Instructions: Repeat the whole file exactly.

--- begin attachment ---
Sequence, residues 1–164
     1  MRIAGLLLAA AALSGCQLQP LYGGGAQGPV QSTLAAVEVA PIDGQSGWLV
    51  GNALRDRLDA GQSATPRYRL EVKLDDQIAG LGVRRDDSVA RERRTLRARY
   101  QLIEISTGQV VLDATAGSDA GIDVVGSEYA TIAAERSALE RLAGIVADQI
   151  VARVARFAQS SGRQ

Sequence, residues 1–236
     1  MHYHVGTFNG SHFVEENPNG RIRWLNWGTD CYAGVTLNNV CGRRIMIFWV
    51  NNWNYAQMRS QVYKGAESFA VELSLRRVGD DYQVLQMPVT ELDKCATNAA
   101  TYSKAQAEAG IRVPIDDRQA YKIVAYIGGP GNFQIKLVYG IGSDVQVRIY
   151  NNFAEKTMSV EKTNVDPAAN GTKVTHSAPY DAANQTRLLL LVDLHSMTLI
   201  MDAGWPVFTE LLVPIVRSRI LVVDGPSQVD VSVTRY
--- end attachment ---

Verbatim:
Sequence, residues 1–164
     1  MRIAGLLLAA AALSGCQLQP LYGGGAQGPV QSTLAAVEVA PIDGQSGWLV
    51  GNALRDRLDA GQSATPRYRL EVKLDDQIAG LGVRRDDSVA RERRTLRARY
   101  QLIEISTGQV VLDATAGSDA GIDVVGSEYA TIAAERSALE RLAGIVADQI
   151  VARVARFAQS SGRQ

Sequence, residues 1–236
     1  MHYHVGTFNG SHFVEENPNG RIRWLNWGTD CYAGVTLNNV CGRRIMIFWV
    51  NNWNYAQMRS QVYKGAESFA VELSLRRVGD DYQVLQMPVT ELDKCATNAA
   101  TYSKAQAEAG IRVPIDDRQA YKIVAYIGGP GNFQIKLVYG IGSDVQVRIY
   151  NNFAEKTMSV EKTNVDPAAN GTKVTHSAPY DAANQTRLLL LVDLHSMTLI
   201  MDAGWPVFTE LLVPIVRSRI LVVDGPSQVD VSVTRY